After all, as we said above, hash functions like MD5 and SHA1 produce a deterministic fixed-size output for a given input. There are no secrets involved. When a solution does not increase security but makes people feel more secure, we call it security theater.

Cryptographic hash functions are security theater in this situation. You want digital signatures instead.

To improve security, instead of posting MD5/SHA1 hashes, the software vendor can instead sign their package with their EdDSA private key and share their EdDSA public key far and wide. When you download the file, you should also download the signature and, using the verified public key, check that it is authentic.

For example: Minisign.

A keyed hash function won't work here either, as you would need to distribute the secret key in order for anyone to be able to verify the signature. If they have the secret key, they can forge their own signatures for maliciously altered message (in this case, executable file).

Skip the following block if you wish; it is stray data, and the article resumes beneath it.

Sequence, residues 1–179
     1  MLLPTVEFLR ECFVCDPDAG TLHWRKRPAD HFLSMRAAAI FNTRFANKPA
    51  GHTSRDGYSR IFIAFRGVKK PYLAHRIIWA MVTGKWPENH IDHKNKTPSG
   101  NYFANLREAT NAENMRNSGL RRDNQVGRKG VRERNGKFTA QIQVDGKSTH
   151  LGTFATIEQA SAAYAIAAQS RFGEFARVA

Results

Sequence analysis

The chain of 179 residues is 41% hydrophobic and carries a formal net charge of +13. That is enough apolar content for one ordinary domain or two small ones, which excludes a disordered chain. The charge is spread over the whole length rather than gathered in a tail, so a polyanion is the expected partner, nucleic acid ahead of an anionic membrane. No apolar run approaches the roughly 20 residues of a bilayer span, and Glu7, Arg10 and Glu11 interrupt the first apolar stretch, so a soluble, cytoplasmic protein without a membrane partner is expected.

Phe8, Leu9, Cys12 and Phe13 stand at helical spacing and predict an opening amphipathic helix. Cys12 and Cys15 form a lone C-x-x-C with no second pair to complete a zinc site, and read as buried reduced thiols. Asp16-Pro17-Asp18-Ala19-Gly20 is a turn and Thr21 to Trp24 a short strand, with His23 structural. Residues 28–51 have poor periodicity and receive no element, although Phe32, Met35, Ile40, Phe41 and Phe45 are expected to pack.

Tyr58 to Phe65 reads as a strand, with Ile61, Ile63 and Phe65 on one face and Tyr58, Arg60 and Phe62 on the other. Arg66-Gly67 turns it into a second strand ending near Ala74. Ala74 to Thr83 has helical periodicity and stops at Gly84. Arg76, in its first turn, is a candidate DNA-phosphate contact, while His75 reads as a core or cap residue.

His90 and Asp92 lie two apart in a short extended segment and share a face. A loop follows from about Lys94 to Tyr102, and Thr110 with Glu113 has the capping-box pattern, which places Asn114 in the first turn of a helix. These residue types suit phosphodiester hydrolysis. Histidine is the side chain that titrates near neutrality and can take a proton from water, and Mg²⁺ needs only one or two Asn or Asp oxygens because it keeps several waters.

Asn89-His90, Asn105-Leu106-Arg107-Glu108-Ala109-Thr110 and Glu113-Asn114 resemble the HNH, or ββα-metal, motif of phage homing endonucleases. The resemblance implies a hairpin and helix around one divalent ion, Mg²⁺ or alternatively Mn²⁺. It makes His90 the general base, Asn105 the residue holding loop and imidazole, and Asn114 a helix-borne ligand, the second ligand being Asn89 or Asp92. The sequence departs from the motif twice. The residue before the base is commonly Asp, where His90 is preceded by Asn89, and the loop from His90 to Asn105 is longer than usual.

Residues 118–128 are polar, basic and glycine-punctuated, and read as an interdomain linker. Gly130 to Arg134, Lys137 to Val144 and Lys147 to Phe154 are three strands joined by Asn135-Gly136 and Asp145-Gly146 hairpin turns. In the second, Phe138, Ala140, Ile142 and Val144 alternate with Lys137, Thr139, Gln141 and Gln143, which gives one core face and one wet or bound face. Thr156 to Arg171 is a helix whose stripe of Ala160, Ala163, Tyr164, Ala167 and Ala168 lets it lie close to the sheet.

Digital signatures are the best way to achieve assurance about the authenticity of a download. MD5/SHA1 hashes are almost always useless here.

Encoding and Compression Aren't Cryptographic

A common beginner's mistake is to use an encoding function, such as base64_encode(), to attempt to obfuscate information. Consider the following code, which was offered in a LinkedIn discussion about how to properly store passwords in a PHP web application:

The worst password 'hashing' function of all time.
This may very well be the worst password storage function ever written.

A lot of developers will either encode or compress information and assume their solution provides the same level of security as actual cryptographic features simply because the output is not human readable. It doesn't.

Encoding and compression algorithms are both reversible, keyless transformations of information. Encoding specifies how information should be represented in human-readable text. Compression attempts to reduce an input to as little space as possible. Both are useful, but they are not cryptographic features.


  • Cryptographic hash algorithms (e.g. SHA256) are deterministic one-way algorithms that require zero keys.